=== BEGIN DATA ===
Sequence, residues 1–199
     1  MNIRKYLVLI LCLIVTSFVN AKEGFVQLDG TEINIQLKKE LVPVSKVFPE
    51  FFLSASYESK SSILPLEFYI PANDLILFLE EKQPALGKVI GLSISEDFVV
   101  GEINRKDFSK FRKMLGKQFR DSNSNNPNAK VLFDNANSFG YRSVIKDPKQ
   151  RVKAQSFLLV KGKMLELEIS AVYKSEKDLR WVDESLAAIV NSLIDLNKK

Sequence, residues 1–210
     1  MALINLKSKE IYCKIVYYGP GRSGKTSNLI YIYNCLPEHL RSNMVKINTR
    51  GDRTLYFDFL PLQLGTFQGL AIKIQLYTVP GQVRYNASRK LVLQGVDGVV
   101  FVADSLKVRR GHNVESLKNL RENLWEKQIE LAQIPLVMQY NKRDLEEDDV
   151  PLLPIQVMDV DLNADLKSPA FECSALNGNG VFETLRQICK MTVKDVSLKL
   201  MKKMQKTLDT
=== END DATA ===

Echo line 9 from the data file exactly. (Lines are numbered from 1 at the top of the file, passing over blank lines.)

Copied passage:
   101  FVADSLKVRR GHNVESLKNL RENLWEKQIE LAQIPLVMQY NKRDLEEDDV